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Game Development Overview Step by Step [V1.1]

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1 Game Development Overview Step by Step [V1.1] on Tue May 29, 2012 8:10 pm

Jon Bon

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Owner/Founder
Owner/Founder
Below is a recommended series of steps for game creators at Bon Ink Creations to help them achieve a better end product. Each step in this guide has related guides linked in the related step. I encourage anyone on here to correct me, and suggest changes or alterations to the guide.





  1. (1)Conceptual Design

    Moving Parts
    This is the very first step in your game creation. As a developer you must know for a fact things like, is there one main character you play, maybe their are 7, or 126. Is the game one or two players? is it an action game, shooter, fantasy etc? Can you jump, move, interact, or maybe it's text based, or an audio interaction game.
    Here you will want to iron out exactly what you want to achieve with this game. Write everything down, using our forums conceptual design section, if need your own game section as a staff member simply ask an Admin.
    You should get everything decided that you want to TRY and implement into your game, including crafting systems, mini-games, and every other major element. There should be no, "Hey, let's add mounted travel" mid game development, that stuff is for the design phase. With that said, some ideas can be added on easily to a game, so the design part is never truly complete until launch, but here is where you outline large ideas, things that will take days, weeks or months to complete and implement into your game.

    Story Elements
    Here you want to figure out things like, who is the antagonist (villain), why are he and your protagonist (hero) against each other? What happens near the beginning of your story that forces your main character to undergo their journey (inciting incident). These and other story elements are the basic foundation of any good story. The story combined with the moving parts of your game should be the main 2 drawing points for fans. Characters that are relate-able, and that feel real, with an interactive and innovative system is what most die hard gamers look for. You may have to go back and forth adjusting your story and moving part design to match each other. Also try not to forget some methods ring true with the test of time for classic gamers.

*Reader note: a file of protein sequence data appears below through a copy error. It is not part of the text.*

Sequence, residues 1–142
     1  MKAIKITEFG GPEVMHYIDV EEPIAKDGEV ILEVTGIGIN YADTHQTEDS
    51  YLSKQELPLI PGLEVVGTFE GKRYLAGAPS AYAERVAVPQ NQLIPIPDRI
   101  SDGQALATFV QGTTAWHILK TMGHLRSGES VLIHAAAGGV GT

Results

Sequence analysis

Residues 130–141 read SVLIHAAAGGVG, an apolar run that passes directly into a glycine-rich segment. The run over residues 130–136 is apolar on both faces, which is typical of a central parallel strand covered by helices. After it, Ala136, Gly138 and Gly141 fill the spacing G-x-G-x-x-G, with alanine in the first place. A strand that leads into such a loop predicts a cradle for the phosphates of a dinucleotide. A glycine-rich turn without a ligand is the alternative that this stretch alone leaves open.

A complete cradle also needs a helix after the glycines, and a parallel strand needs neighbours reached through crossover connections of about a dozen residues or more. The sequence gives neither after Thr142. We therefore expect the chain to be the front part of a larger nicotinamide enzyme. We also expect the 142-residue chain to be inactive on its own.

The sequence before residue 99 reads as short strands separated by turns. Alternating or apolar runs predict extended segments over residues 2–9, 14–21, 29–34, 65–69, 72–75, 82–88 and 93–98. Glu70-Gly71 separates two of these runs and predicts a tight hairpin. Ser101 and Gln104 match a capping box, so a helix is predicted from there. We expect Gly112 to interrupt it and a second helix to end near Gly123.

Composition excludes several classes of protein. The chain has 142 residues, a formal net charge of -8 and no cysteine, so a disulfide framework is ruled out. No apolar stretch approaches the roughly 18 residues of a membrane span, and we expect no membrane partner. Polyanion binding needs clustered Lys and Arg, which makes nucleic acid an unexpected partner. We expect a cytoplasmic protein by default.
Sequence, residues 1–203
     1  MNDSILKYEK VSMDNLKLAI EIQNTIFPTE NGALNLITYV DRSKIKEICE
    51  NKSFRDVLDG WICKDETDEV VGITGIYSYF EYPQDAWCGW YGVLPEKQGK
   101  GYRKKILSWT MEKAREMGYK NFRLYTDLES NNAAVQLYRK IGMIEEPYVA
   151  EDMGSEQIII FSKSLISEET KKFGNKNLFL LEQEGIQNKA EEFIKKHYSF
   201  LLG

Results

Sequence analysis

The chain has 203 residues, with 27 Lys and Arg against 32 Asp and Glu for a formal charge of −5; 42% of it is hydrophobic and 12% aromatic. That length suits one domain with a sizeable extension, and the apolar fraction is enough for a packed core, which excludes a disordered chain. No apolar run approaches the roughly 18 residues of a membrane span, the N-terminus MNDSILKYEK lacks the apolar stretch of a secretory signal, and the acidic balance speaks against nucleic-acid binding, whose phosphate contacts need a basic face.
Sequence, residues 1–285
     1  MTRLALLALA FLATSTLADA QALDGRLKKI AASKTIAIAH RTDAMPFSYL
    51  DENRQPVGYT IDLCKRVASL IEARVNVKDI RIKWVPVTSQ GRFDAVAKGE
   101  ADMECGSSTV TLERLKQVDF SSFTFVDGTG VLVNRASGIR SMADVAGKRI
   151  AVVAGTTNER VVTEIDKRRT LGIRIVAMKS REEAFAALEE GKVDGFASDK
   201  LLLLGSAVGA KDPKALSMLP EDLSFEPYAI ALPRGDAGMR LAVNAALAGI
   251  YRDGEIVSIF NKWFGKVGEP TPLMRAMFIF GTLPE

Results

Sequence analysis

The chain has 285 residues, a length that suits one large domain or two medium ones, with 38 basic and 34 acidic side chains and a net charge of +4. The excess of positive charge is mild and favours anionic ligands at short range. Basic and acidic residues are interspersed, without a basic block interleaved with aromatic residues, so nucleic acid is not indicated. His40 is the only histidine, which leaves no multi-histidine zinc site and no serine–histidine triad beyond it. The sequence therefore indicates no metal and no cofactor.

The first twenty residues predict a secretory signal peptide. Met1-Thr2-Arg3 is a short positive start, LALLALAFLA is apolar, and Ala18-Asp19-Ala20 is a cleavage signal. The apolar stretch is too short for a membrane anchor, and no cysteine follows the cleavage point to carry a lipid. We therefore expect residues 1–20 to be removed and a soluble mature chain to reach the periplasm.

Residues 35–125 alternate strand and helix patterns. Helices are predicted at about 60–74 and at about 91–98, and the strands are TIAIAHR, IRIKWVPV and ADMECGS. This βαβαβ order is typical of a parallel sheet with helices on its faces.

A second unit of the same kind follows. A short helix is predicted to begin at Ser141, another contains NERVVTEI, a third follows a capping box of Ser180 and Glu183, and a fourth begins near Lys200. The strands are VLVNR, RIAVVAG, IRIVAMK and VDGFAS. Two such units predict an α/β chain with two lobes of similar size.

Related Guides:
    Your creative rights











  2. (2)Research

    Engine Research

    Since you know what you want your game to do, now you need to figure out the best way to make it do that (which engine to use). Knowing the limits of your engine and it's user friendly nature, or lack there of, is extremely important in being able to give yourself a realistic timeline for creation. Knowing your potential limits and setting realistic goals for yourself is a big part of keeping yourself inspired to create and be satisfied with the results.  This is where you might make small prototype sections of your ideas to test out different engines, and how they might fit to your conceptual design ideas.

    Talent Research
    What kind of extra talent will you need? Depending on peoples field of expertise a lot of the time they focus into one aspect of their trade. Such as an artist that only does murals and portraits, or a writer who does poems, and songs, but not stories, a programmer that does html, or java, or C++.
    The point is you need to figure out exactly what kind of help you need in which field. This way when you contact someone you can at least know whether they are qualified to help you, and you will know what you want.

    Knowledge Research
    Are you making a pirate/medieval/historic game? Then unless you are a scholar on the subject you are likely to need some more background knowledge on the topic matter if you want to produce something with impact. Even if you are making a completely unique idea from the ground up, looking into similar ideas and concepts from our own world history and lore can give you great inspiration and insight into your creative direction. This also comes into play when writing your story, is one of your characters a flight attendant? What do you know about being a flight attendant, probably not as much as someone who works as one. Reaching into the different aspects of your story can allow you to create elements that feel real when you tell it.
    The same can be said for things like crafting systems, skills and spells, items and equipment, pretty much anything you create can have inspiration or insight for a real world concept.











  3. (3)Resources